- Date: Friday, June 25, 2010, 8 P.M.
- Where: The Forum at All Saints Church, 132 N. Euclid, Pasadena (see below for directions)
- Admission: $10.00 General: NewTown Members Free
- Reservations: Call NewTown at (626)398-9278 or Email us at email@example.com
- From Los Angeles: Take the Pasadena Freeway to its end at Arroyo Parkway. Take Arroyo Parkway north to Colorado. Turn right on Colorado. Go about three blocks to Euclid and turn left.
- From The Valleys: Take the 210 Freeway to Lake Avenue exit. Go south on Lake to Walnut and turn right. Take Walnut to Euclid (one block past Los Robles) and turn left.
- Parking is in the lot directly north of the church or on the street.
About Richard Myers
NewTown is honored to present an evening with Richard Myers who, from his base on northeast Ohio, has created a body of work encapsulating America’s passage from an innocent hometown simplicity to the moral complexities of a nation at war with itself. His works display technical perfection without ostentation while presenting a highly personalized, profoundly American history, often, as in Marjory’s Diary, positing his own family as a paradigm of the nation and its families.
Myers taught at Kent State University in Kent, Ohio and is particularly known for his 1970 film Confrontation at Kent State, which he filmed in Kent during the week following the Kent State shootings of May 4, 1970; it is an important document of the period.
Myers began to produce independent films in the early 1960s. Many of his films are highly personal, with non-narrative or loose narrative structures derived from his dreams. Although some films (as, for example, his 1993 film Tarp) feature no actors at all, instead focusing entirely on inanimate objects, most films feature nonprofessional actors and are produced on very small budgets.
Myers’ films have been exhibited at film festivals in San Francisco, Chicago, Richmond, Virginia, Ann Arbor, Michigan, Bowling Green, Ohio, and elsewhere. He has presented shows at more than 100 colleges and universities in the United States, Canada and Mexico.
The filmmaker’s work also has been shown at the Museum of Modern Art in New York City, and he has received grants from the Guggenheim Fellowship for Filmmaking (1969, 1971), the American Film Institute (1970, 1982, 1984), the National Endowment for the Arts (1975, 1982), and the Ohio Arts Council (1975, 1979, 1982, 1985).
Myers is the recipient of a Guggenheim Fellowship as well as grants from the American Film Institute and the National Endowment for the Arts.
In the Words of the Filmmaker
“Marjory’s Diary is a portrait of my mother, as told through the diaries she kept from 1924 – 1948 and in relationship to the broader intent of the movies she was influenced by during her young life. The video consists of personal photos of Marjory and her family and friends along with stories of her boyfriends and her husband, who was an alcoholic. Old photos of Marjory and her friends in her hometown Massillion, Ohio, along with pictures from dance reviews and plays are used to tell the ‘story.’ Myers’ wife, Pat, narrates the passages from the diaries.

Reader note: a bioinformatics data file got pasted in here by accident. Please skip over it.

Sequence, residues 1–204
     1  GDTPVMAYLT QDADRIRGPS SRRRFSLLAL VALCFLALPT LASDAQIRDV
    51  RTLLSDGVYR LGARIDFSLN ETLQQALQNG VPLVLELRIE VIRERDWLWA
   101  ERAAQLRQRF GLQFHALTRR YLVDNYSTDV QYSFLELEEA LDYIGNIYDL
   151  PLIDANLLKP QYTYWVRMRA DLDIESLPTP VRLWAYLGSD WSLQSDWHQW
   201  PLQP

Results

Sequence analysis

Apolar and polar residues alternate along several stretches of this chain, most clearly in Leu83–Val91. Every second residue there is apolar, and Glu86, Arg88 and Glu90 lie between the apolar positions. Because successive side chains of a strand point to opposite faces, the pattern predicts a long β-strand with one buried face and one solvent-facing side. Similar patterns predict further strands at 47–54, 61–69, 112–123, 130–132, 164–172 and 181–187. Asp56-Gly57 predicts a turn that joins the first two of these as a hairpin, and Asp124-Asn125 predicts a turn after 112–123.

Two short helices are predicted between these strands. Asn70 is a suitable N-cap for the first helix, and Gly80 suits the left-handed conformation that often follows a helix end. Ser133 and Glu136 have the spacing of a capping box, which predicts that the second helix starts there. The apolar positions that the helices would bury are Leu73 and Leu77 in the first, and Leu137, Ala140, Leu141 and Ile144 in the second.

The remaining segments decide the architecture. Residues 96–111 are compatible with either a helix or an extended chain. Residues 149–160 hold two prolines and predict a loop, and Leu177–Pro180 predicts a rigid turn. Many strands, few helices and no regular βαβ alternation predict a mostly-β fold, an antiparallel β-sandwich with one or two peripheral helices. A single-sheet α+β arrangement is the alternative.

Included in the video are shots of Marjory walking along the Massillon streets and outside the building that housed the restaurant and bar that she and her husband operated. Also included are ‘stills’ from many of the films she saw during the 20 year period. As an avid movie goer, she saw 242 movies during the years 1924 – 1948. There were probably more, but 242 titles appear in the dairies, they’re not all included in the video. The movies she saw related to the tenor of the times, and in many cases, to the tenor or her personal life!
Movie entertainment, its logic and rhythm, have always been controlling factors in American life. The movies of the twenties, thirties, and forties have been arguably one of the most pervasive, powerful and inescapable force of the times, a force so overwhelming that it has been finally metastasised into life.
The narrative and visual imagery which Marjory experienced as a young woman through the movies were, in part, the basic means by which she and many others processed experience. The development of the movies became an entertainment more popular, more powerful, and illusionary. than anything that had gone before. Many people tried to turn their lives into popular drama sanctioning their actions because they saw someone do it on the silver screen.
Much of the narrative and visual imagery that was seen in the movies became the elementary means by which people processed everyday life. Movies addressed our deepest-seated fears and longings, obliquely and metaphorically, and the movies my mother saw helped mold and influence her and millions like her who lived during the great depression.
My mother died in 2005, she was 97 years old.” … Richard Myers
NewTown strives to make people aware that contemporary art forms are innovative, accessible, enjoyable and important parts of society’s fabric. NewTown often defines itself as “a laboratory for innovative presentational formats.” The goals of these formats are to bring new audiences to today’s cutting-edge art, while providing artists with new and challenges contexts in which to make new art. NewTown has brought new art works and new art forms to an estimated 171,000 people, many of whom had never encountered “experimental” art, with many of the events free and in public spaces; been a leading advocate for small, grassroots arts organizations; and maintained minimal administrative costs, so over 85% of all memberships, grants and ticket sales go directly to artists and event production.